“There are consequences to open borders beyond the 20 million aliens who have come to take our jobs … the price we pay for spineless politicians who refuse to defend our borders against those who come to kill.”


Exactly, the only reason that “Aliens” come across our borders is to kill. WHAT THE FUCK! excuse my language, but if any college student were to bring this point up in a classroom they would be correctly called out for being a racist. If an athlete or an actor were to say this crap they would be boycotted to the point of apology, but place it on a political campaign and now, not only is it acceptable, but it is a political platform?

Who elected this nut into office? Oh, whoops, that would be my district…Good old Colorado 6th district. 88 % white, 77% white-collar, and over 50% in support of this racist. Though, this wasn’t a one time 6th district mistake, oh no, my homeland allowed him to push forward his idiotic ideals in congress for 10 years.

I was in Jordan as the governor elections loomed nearer. Closer than ever to my Muslim/Arab heritage, I reflected on events with the Muslim community in Colorado when I was younger. I remember on multiple occasions meeting Governor Owens at these events (back when supporting the Muslim community didn’t contradict the Republican platform) and I thought about what a drastic shift 10 years could make. 2 wars and a 9-11 later my state was on the verge of electing a man who, not only wouldn’t support the Muslim community in his state, but had proposed destroying the most sacred places to this group.

I am most often tolerant when people discuss politics with me. I respect an intelligent argument, but this is where the line ends. Supporting Tancredo is supporting racism. If you vote for Tancredo you are telling me that you do not value my heritage and that, in fact, you would prefer someone in power who would happily bomb all that is sacred to my family and millions. If you vote for Tancredo you are telling the Mexican-American in your classes or your child’s class that you don’t think he should be here, and that you are happily helping to elect a man who would call this child a murder (only in english though).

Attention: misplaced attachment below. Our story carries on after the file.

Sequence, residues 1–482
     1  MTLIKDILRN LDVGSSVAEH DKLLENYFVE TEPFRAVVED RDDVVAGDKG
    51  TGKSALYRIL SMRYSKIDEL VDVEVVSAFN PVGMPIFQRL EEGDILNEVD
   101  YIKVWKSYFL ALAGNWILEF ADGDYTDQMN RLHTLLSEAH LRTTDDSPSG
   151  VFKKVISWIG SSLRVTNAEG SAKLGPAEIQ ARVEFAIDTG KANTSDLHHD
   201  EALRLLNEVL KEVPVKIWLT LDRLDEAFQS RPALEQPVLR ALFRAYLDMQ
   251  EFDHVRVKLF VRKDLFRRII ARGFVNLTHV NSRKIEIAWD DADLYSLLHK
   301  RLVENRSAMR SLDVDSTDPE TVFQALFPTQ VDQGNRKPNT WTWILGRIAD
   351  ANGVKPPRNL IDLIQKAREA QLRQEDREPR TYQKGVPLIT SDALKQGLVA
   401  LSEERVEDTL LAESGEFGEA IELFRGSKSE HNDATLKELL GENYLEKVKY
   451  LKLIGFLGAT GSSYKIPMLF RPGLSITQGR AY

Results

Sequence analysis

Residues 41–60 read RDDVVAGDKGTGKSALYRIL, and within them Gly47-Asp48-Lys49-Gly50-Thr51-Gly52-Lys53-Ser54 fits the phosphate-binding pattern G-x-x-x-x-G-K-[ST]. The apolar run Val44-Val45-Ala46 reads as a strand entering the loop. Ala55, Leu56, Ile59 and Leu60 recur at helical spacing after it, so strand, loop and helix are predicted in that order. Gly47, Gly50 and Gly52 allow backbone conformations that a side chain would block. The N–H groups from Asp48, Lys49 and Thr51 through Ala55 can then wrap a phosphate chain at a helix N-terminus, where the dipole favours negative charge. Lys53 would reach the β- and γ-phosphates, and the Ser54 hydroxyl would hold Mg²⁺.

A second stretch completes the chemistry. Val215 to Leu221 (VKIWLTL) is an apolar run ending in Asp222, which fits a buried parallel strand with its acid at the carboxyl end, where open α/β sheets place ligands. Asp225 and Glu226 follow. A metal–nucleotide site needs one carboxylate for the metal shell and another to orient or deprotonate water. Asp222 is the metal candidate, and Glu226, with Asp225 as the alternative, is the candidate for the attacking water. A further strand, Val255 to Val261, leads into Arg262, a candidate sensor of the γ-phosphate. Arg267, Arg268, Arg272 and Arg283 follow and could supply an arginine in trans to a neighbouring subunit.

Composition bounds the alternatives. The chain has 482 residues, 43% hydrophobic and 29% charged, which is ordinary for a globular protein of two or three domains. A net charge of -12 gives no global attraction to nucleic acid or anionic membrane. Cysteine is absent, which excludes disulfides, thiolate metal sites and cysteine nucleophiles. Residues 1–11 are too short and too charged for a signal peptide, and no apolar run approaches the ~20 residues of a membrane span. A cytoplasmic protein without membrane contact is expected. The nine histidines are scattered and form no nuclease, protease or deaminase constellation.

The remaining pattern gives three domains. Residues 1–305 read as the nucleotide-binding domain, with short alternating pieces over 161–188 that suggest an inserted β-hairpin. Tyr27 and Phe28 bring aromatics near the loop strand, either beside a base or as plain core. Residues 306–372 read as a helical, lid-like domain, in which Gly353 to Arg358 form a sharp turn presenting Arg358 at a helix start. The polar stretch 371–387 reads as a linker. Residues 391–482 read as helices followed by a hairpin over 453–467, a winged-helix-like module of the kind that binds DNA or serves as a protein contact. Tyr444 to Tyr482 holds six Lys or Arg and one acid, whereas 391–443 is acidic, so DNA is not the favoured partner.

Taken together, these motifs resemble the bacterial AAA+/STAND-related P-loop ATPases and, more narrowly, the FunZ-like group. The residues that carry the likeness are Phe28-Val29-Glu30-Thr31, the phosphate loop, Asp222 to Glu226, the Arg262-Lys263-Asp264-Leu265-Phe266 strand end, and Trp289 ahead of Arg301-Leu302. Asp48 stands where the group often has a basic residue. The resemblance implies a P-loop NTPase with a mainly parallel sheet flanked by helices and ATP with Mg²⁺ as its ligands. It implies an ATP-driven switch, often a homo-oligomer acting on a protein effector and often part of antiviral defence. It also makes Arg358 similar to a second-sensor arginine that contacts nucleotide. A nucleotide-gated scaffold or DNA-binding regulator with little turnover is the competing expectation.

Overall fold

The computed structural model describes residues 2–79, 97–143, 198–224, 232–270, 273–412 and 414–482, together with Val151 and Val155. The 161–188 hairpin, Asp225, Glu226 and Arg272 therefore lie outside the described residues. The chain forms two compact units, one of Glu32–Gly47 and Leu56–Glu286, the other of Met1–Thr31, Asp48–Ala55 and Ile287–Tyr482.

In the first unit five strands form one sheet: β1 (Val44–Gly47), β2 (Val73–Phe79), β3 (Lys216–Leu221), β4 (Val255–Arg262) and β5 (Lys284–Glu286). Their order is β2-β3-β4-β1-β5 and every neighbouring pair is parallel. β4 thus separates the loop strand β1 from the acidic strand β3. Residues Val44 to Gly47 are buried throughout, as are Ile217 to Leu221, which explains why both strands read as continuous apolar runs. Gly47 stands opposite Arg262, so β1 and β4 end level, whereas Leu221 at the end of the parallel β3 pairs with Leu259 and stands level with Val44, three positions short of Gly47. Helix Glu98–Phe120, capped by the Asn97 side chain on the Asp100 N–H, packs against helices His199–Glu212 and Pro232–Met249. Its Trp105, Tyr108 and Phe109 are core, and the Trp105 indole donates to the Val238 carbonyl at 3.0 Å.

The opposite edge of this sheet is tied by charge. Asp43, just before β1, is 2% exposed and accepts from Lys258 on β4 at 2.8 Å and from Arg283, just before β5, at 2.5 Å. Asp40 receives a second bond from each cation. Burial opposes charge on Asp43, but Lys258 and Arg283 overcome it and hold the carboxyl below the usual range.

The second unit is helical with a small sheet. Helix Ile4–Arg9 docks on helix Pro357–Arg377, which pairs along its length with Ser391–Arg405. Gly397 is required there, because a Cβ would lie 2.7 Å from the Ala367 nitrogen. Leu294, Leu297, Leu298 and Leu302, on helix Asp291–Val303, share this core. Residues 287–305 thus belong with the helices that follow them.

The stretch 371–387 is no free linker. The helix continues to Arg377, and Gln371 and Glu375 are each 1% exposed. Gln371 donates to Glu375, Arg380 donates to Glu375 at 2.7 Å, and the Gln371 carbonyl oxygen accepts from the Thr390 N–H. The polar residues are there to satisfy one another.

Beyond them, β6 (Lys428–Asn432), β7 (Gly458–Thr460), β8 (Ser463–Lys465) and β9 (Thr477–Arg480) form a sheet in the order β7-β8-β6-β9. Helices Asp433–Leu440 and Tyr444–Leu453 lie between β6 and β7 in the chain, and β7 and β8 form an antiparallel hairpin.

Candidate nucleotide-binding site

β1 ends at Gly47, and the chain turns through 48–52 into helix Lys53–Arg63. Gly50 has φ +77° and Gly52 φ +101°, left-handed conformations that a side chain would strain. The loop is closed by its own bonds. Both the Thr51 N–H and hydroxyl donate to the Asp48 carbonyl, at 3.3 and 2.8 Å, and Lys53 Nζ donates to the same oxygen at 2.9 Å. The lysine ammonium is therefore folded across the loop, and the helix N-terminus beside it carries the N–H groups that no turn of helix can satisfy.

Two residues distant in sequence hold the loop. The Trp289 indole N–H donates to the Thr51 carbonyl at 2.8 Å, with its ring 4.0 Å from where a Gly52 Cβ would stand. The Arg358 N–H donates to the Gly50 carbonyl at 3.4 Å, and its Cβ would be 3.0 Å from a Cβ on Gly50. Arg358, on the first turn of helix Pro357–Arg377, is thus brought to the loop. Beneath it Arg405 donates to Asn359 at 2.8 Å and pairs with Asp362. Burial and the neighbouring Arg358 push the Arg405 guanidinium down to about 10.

Yes, you are entitled to your political beliefs, but do not believe that those you support are not a reflection on yourself.

Back to inauguration. We walked up to the capital building only minutes before the event was supposed to start (we weren’t going to be early in 4 degree weather!) to find only a small crowd gathered before the capital’s grand steps. I thought back to this summer when Chris and I had been in this same place attending Denver’s PRIDE festival. En Vogue performed a free concert to conclude the festivities less than a football field away from where I stood now drawing over 10 thousand people.

While I commend Denver citizens for rallying in support of the Gay movement, I couldn’t help but feel a bit disgusted that an outdated pop band could grasp more than 50 times the attendance than  the swearing in of the State’s top positions.

I realize that this post has become more of a very long rant against Tancredo but I want to point out two more observations about the event.

  1. As we left I smiled at Chris and commented “There goes the friendly transition of power from one white-male-christian to the next”. And at the time we laughed, but that statement illuminates too true a reality and is in no way funny. The only break in the white landscape of former, current, and future state politicians on the Capital steps that day was Lieutenant Governor Elect Joe Garcia. And while a comprehensive search online shows me little about our states second in command, the last name alone implies that Joe Garcia would be a part of a minority that Tancredo would rather not have in this land.
  2. The demographic of the people who did attend the inauguration was as white as the politicians being inaugurated, with few exceptions. The turnout was drastically less diverse than the span of Denver itself, whose public schools are in most cases the majority minority students. So where were those who should be celebrating the defeat of Tancredo alongside me? Perhaps they have lost all hope in the White, elite government that is supposed to represent them.